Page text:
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Robots Meet Ballet with Carbon Dance Theatre

Carbon Dance Theatre presents Science per Forms on Thursday, October 25, 2012 at 7:30pm through Sunday, October 28, 2012, at the Christ Church Neighborhood House, 20 North American Street. Carbon Dance Theatre works closely with Robotics professors from Harvard University, University of Pennsylvania, and the Director of Philadelphia’s first Hacker Space, The Hacktory, to examine the ever-evolving role technology plays in contemporary life. Science per Forms also includes a SYMPOSIUM hosted by Bryn Mawr College that spotlights robotic collaborators as well as former Merce Cunningham Dancer, choreographer, and media artist, Jonah Bokaer, on Saturday October 27 at 2:30PM. The series of event will be choreographed and organized by Meredith Rainey (former Principal Dancer of Pennsylvania Ballet) and Marcel Williams Foster  to use ballet-based dance to explore movement of robots and digital technology.

Carbon Dance Theatre is a contemporary ballet company directed by Meredith Rainey. Science per Forms is a collaboration of co-creators Rainey and Foster and is appropriate for all ages. Collaborators from the University of Pennsylvania include: Mark Yim, professor of Applied Mechanics and Mechanical Engineering and Simon Kim, professor of Architecture. Yim and Kim developed robotic performances for the Pig Iron Theatre Company in 2010 and now join forces with Harvard Professor of Architecture, Mariana Ibanez (IK Studios), and the Director of Philadelphia’s the Hacktory, Georgia Guthrie. Science per Forms integrates movements from programmed robotic arms that hang from the ceiling, projections calibrated by the movement of the dancers, and contemporary ballet to immerse audience members in an enriching and provocative environment filled with machines and cyborgs.

The company is partnering with Bryn Mawr College to discuss technology and robotics in dance and other performance disciplines and will spotlight Philadelphia’s I.T. Technology leader, Georgia Guthrie, along with professor Mariana Ibanez, and Jonah Bokaer. This dialogue will be facilitated by Bryn Mawr College’s Director of Dance, Professor Linda Caruso-Haviland. The symposium will take place on the Bryn Mawr College Campus at Haffner Hall in the Dorothy Vernon Room. It will take place on Saturday, October 27 at 2:30pm. For directions to Bryn Mawr’s campus please visit tinyurl.com/dvhall.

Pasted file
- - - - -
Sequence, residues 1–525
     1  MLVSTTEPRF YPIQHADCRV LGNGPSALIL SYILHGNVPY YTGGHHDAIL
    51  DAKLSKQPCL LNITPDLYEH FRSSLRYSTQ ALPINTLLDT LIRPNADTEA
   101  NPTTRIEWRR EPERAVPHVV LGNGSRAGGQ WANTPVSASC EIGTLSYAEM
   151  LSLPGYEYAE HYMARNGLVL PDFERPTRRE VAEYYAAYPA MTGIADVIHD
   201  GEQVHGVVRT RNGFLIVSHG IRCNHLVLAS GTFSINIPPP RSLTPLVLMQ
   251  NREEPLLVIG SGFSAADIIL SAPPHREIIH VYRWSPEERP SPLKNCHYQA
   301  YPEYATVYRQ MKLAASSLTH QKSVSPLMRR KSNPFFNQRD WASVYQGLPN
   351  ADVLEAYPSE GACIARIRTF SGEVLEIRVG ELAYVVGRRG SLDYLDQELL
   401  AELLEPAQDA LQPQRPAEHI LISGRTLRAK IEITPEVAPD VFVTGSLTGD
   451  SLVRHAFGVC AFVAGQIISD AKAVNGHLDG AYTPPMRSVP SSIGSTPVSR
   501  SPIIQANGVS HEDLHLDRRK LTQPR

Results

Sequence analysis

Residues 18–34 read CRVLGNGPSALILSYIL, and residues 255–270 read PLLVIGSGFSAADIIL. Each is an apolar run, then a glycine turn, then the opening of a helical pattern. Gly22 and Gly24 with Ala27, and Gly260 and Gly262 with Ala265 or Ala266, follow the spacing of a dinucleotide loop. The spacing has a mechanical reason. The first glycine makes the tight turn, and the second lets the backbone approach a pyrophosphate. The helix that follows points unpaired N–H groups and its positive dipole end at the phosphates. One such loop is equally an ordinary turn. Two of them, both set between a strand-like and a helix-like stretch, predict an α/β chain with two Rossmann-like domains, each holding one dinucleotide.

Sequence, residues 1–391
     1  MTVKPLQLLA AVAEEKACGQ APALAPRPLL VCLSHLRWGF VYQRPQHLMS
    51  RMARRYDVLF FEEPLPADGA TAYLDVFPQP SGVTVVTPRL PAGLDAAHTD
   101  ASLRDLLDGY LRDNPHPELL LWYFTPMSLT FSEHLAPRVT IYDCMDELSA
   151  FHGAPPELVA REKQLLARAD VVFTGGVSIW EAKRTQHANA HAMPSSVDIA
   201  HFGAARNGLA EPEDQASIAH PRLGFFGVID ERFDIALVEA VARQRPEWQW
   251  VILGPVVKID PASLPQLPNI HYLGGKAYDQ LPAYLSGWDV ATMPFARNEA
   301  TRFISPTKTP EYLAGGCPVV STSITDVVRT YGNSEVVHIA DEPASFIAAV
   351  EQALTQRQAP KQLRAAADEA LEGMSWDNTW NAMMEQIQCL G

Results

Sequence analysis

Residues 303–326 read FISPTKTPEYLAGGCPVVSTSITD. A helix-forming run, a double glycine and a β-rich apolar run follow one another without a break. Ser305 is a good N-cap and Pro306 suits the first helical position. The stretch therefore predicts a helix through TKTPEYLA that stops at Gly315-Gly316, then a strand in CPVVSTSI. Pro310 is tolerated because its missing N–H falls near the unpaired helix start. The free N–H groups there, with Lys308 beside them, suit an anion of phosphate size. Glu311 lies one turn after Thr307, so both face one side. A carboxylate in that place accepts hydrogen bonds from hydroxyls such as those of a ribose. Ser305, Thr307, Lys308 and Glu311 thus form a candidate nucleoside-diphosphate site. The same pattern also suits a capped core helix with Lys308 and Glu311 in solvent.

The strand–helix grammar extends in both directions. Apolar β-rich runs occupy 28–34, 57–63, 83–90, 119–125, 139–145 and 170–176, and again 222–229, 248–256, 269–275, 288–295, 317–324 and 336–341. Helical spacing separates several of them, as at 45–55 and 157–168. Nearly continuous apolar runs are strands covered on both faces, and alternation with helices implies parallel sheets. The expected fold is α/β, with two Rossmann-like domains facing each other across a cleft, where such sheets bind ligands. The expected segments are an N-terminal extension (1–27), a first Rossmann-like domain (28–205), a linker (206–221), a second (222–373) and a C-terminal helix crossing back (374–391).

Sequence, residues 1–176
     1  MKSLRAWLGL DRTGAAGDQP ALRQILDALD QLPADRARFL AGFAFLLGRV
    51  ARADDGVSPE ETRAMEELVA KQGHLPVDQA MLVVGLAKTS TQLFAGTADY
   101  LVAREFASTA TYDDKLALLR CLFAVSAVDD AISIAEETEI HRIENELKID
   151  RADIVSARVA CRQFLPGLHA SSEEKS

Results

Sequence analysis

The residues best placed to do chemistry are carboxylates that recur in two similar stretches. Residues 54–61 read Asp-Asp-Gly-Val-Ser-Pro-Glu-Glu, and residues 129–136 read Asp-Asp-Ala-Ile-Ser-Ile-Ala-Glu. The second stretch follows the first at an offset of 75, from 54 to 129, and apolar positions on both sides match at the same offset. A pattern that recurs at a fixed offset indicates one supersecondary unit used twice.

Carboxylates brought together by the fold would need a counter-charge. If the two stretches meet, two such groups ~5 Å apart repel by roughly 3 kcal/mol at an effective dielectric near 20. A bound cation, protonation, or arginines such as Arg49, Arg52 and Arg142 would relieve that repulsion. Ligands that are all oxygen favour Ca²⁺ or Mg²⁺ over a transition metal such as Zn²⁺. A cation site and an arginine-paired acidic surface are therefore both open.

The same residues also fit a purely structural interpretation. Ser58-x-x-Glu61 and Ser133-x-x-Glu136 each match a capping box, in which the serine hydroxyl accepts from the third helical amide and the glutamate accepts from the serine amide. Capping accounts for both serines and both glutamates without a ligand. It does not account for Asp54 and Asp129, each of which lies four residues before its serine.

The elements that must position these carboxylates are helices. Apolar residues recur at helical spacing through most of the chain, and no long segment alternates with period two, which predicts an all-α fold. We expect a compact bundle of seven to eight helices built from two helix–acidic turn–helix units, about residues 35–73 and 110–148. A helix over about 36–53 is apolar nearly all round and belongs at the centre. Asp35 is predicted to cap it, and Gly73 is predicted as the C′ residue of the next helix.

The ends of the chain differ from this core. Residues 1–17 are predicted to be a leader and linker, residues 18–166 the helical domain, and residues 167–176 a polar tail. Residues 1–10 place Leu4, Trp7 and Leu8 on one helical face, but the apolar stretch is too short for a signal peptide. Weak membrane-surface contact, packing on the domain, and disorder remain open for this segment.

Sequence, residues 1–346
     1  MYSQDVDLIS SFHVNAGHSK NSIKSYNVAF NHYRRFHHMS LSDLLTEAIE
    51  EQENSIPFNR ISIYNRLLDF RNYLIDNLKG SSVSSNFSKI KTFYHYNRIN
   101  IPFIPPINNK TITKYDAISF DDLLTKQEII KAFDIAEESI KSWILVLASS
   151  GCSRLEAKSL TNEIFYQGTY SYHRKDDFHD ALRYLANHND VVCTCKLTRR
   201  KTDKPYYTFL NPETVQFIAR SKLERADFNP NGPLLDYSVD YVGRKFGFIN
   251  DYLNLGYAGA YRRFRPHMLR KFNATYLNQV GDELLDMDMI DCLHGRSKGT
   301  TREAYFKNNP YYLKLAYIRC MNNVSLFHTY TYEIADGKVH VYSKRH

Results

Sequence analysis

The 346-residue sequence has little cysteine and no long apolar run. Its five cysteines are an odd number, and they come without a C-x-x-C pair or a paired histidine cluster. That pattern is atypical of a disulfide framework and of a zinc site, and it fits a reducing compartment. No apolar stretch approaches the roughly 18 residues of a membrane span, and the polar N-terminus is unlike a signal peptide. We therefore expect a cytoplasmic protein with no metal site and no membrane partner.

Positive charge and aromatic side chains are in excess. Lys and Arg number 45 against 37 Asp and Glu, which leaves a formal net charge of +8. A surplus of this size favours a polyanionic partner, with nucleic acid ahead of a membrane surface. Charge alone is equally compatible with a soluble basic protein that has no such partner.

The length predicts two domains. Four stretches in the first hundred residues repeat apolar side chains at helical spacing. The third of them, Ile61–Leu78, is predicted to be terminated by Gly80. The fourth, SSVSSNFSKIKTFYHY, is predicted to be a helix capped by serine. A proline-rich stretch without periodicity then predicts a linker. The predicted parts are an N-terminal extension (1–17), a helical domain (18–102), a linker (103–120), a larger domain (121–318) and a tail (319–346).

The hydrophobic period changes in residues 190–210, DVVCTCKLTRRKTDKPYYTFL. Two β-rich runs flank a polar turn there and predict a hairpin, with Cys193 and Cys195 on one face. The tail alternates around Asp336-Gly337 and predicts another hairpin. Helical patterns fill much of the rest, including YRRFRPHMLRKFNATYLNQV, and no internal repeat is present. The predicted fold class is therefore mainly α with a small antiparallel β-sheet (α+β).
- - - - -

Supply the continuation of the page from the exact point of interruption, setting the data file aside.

Science per Forms
Carbon Dance Theater
Thursday October 25, 2012 at 7:30PM. Post-show talkback included.
Saturday October 27, 2012 at 7:30PM. Post-show talkback included.
Sunday October 28, 2012 at 2:30PM.
All performances will take place at the Christ Church Neighborhood House at 20 North American Street in Old City.

Tickets: $25 General, $20 Senior, $15 Students and DanceProfessionals
To purchase tickets online visit tinyurl.com/scifidance

All photos are by Kate Raines | www.plate3photography.com

- Steven Weisz

Founder & Editor
While not a dancer himself, Weisz’s love for the arts and dance started as a child growing up in New York City. With parents, who were strong supporters of the arts and part of a community with an incredible array of notable artists in music, dance, theater and fine arts, Weisz’s access and affinity for the performing arts took root. Upon attending college in Philadelphia at the University of Pennsylvania in the mid 70’s, Weisz started performing as a puppeteer, magician, juggler and fire eater as a means of supplementing his income. This soon grew in to what became Rainbow Promotions Inc., one of the largest entertainment and special events producers in the region. It was here that he began to promote and book dance for major events throughout the city. Many of the dancers he worked with in the early days of his company are now major choreographers in Philadelphia. At the same time, Weisz’s interest in computers and the early developments of what is now known as the Internet, led him to also start another company, Delaware Valley On Line, which became one of the first regional ISPs. It was this combination of event production, internet development and event marketing that led him to examine the use of the internet as a means to promote the arts. Dance continued to be a major interest for Weisz and in 2005 he founded PhiladelphiaDANCE.org as a major online resource to promote dance in the city. It was soon after that the Dance Journal was also founded as a way to provide an outlet for writing on a range of topics that encompass the ever growing and emerging dance community in the region. Weisz continues to run both PhiladelphiaDANCE and The Dance Journal on purely a voluntary basis with no income derived from any of his projects. He is also the Artistic Director of Graffito Works, a unique platform for dancers and performing artists to create site-specific work and to make it readily accessible to the public.

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